This week on the TC3 Farm we were engaged in various activities including harvesting lettuce, seeding, cultivation, broadforking, rock picking, and the final work on the crop rotation plan. These tasks are all from different stages of the planting process, starting with getting the soil ready to plant which includes picking rocks out of the beds and broadforking.
For those not familiar, a broadfork is a wonderful tool for tilling and aerating garden beds by hand. It consists of 5 metal tines, 8-12” inches long, spaced a few inches apart on a horizontal bar, with two handles extending upwards to chest or shoulder level, forming a large U-shape, like a pitchfork on steroids. It is designed to use your body weight to insert and maneuver the tool instead of your back and arms. You stand on the tool, gently rocking and wiggling the tool to work the tines into the ground. Then pull back on the handles using your weight and the tool’s leverage. Your motion is a natural pulling and pushing, instead of bending and lifting. I found that you do need to use a fair amount of upper body strength to maneuver it properly, but my weight was a great benefit and certainly helped where I lacked in strength.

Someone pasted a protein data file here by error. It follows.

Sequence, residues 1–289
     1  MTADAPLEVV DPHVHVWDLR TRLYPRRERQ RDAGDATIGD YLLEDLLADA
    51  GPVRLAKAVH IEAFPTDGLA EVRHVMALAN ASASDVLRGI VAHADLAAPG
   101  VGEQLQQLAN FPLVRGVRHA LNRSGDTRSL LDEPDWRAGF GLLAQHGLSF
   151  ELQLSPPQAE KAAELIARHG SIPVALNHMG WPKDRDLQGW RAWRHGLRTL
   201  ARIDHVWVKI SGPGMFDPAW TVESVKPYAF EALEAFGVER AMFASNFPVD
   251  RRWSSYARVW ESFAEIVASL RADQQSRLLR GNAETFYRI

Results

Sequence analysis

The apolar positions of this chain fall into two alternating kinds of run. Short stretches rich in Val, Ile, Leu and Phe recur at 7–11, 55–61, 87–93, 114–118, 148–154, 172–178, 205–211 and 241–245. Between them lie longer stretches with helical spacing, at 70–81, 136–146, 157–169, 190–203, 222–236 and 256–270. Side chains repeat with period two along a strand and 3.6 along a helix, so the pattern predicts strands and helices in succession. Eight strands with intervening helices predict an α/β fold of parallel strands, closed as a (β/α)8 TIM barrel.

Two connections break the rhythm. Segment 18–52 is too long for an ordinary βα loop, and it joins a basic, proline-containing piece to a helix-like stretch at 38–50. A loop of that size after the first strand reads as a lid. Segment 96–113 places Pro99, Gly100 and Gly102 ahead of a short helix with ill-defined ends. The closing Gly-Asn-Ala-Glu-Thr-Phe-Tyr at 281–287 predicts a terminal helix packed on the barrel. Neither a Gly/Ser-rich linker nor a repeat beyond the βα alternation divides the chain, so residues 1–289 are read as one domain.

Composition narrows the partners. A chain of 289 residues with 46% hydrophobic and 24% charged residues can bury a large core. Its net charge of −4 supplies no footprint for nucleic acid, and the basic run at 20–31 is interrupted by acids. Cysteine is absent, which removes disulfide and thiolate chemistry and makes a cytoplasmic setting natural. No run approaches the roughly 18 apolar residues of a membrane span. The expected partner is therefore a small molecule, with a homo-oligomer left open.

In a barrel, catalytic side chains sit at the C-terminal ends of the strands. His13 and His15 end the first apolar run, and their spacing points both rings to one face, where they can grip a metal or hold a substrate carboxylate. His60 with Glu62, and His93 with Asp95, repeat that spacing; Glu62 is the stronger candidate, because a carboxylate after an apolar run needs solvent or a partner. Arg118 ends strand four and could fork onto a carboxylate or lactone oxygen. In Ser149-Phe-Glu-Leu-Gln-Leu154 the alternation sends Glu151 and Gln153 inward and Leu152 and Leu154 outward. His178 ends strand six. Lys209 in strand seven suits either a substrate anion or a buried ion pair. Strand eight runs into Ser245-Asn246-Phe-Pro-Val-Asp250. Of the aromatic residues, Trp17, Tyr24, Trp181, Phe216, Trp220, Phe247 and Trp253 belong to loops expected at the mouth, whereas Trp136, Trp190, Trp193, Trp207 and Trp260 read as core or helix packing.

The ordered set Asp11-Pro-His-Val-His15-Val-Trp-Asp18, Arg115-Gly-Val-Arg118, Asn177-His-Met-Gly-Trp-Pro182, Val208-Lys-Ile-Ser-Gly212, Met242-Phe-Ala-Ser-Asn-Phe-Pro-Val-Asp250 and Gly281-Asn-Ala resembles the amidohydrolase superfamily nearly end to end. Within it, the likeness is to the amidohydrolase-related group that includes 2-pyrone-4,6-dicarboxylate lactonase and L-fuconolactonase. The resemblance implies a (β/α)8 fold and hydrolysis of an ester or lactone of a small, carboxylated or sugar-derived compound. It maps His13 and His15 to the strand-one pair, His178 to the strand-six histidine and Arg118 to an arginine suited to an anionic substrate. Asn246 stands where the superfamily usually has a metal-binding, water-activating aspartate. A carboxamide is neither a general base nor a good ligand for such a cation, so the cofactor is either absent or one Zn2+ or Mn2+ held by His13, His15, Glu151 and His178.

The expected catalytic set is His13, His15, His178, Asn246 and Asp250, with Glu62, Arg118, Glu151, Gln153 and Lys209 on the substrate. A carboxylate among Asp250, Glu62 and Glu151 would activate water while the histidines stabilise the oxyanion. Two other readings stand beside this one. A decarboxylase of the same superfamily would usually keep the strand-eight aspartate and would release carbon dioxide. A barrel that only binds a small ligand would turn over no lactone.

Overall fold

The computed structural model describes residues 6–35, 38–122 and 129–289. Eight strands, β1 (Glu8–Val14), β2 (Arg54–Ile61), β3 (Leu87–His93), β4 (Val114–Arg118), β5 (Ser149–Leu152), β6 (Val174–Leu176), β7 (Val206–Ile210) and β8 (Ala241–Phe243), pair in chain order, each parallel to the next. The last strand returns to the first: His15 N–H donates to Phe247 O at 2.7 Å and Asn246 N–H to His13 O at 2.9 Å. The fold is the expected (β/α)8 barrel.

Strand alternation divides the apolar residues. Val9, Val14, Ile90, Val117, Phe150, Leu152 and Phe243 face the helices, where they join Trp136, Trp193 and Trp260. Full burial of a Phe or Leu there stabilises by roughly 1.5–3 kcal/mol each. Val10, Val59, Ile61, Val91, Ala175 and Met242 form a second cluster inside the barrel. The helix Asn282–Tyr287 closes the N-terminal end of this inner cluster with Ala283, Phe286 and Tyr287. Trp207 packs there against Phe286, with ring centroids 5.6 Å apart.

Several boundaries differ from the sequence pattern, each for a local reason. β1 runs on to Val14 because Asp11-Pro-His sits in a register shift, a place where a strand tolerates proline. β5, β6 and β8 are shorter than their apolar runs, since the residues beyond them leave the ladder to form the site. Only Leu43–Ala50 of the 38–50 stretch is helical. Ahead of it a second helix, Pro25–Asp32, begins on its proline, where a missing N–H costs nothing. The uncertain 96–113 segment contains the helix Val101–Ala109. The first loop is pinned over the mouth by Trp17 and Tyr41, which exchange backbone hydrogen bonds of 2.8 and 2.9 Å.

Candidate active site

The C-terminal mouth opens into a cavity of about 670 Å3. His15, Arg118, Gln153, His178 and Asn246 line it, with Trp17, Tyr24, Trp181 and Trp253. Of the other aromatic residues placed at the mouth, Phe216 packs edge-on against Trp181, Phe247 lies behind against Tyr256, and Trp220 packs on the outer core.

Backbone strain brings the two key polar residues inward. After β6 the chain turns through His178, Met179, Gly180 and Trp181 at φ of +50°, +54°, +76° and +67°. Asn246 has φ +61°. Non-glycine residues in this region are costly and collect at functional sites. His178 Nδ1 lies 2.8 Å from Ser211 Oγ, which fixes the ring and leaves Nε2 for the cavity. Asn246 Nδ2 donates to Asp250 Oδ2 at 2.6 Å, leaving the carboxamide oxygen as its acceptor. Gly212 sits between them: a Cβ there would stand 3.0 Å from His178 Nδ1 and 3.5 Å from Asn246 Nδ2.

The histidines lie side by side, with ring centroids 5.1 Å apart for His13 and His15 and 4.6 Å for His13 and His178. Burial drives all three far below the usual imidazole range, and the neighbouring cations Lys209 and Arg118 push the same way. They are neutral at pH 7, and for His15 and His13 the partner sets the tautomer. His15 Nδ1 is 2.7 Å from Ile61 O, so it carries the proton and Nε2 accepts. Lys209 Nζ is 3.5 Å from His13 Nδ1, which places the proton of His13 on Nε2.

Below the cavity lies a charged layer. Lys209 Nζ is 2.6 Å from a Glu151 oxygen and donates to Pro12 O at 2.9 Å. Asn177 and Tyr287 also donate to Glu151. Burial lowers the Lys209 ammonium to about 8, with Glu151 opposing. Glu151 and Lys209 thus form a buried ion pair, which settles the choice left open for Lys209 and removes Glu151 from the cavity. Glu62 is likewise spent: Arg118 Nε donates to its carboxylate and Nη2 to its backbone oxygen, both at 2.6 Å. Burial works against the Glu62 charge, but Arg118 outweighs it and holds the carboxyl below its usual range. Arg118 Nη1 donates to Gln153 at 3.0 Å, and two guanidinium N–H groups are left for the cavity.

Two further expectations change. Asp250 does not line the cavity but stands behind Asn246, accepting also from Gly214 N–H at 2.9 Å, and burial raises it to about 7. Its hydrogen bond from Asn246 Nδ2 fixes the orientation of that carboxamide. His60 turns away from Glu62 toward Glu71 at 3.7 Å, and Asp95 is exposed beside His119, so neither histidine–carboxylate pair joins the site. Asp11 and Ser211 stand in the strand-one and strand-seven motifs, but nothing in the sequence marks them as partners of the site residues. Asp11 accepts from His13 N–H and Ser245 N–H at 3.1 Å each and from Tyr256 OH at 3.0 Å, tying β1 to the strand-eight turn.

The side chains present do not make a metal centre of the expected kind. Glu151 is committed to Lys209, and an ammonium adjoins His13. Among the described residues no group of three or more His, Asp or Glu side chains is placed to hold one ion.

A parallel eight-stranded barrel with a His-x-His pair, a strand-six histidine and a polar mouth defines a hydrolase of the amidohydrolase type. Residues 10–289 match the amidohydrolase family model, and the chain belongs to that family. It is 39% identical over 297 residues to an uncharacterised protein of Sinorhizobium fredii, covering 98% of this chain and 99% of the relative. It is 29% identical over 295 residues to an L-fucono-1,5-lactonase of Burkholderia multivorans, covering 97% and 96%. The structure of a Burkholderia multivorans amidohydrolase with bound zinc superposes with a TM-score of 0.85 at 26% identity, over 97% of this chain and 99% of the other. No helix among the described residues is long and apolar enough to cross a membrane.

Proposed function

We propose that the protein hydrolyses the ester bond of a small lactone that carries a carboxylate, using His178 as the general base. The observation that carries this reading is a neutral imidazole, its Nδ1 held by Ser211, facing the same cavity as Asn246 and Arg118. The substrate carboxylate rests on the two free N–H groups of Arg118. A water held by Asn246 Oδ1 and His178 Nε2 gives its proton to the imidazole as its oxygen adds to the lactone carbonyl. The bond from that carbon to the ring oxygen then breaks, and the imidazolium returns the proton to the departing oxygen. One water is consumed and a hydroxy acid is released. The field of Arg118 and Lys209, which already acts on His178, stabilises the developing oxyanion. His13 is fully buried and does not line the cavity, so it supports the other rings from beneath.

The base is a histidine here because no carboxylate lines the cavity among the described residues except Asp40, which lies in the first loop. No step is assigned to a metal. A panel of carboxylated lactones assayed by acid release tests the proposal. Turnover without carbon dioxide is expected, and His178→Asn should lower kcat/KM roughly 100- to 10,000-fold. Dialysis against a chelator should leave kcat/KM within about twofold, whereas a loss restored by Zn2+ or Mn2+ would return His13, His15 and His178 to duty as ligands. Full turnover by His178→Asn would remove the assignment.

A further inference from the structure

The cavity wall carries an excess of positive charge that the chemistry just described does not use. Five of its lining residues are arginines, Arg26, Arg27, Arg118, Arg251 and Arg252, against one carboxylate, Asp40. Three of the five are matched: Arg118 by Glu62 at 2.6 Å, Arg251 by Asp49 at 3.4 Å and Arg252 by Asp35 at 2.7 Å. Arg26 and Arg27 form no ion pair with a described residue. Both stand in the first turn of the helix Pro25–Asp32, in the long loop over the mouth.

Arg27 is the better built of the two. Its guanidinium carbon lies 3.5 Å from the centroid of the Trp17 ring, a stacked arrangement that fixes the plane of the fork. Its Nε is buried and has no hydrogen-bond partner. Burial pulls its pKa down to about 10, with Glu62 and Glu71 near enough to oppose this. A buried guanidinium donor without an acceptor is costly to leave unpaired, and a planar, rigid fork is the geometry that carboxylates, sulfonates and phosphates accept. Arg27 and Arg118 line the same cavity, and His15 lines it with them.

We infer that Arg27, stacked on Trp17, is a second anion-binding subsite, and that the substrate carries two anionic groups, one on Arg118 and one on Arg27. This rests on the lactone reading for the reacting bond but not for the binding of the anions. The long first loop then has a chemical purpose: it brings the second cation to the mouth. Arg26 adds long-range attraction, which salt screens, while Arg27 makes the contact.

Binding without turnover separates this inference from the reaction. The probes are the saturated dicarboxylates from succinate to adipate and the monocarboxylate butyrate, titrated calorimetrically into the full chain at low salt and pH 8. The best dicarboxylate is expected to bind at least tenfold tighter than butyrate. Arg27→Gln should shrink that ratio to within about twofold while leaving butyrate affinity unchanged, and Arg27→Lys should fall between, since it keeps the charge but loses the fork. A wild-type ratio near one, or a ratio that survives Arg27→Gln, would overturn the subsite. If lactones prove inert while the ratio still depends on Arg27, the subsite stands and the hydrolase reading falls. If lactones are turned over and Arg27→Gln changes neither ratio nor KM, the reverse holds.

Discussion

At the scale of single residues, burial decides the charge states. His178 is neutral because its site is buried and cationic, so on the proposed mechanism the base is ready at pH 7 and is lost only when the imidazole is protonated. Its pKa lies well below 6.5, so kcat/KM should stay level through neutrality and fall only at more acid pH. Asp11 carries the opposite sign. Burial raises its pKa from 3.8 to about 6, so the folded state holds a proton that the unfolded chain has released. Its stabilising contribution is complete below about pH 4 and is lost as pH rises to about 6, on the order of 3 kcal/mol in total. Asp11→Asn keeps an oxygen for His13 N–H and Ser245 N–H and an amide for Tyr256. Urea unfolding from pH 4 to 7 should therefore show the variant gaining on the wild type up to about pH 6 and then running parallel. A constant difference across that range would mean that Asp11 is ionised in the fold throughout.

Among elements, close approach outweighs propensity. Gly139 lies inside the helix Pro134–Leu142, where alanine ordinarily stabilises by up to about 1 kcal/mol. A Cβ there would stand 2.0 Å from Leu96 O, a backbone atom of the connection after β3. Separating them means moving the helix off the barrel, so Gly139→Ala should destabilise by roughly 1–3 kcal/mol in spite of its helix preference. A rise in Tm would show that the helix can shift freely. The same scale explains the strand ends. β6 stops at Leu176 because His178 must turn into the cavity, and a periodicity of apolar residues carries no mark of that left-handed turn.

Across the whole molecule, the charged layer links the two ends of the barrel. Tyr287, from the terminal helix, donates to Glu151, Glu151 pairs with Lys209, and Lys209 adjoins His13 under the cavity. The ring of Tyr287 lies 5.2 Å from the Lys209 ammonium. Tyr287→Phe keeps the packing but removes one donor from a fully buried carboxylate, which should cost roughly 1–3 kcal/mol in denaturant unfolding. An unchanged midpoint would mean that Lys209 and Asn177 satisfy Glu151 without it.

The benefits to broadforking are numerous. For one, as a hand tool, it requires no dependence on fossil fuels nor the noise, pollution and compaction that results from using power equipment. The long tines allow for deep loosening of the soil to improve aeration and drainage, both important for growing healthy plants. The rocking motion of the tool allows you to break up and loosen the subsoil with minimal turning, which leaves the topsoil on top where it belongs, and minimizes destruction of soil structure. This is important as the topsoil is the layer with the most organic matter and the available nutrients plants need to grow. And oddly enough, we found broadforking helpful in removing large rocks found below the surface of the soil, so we were rock picking at the same time!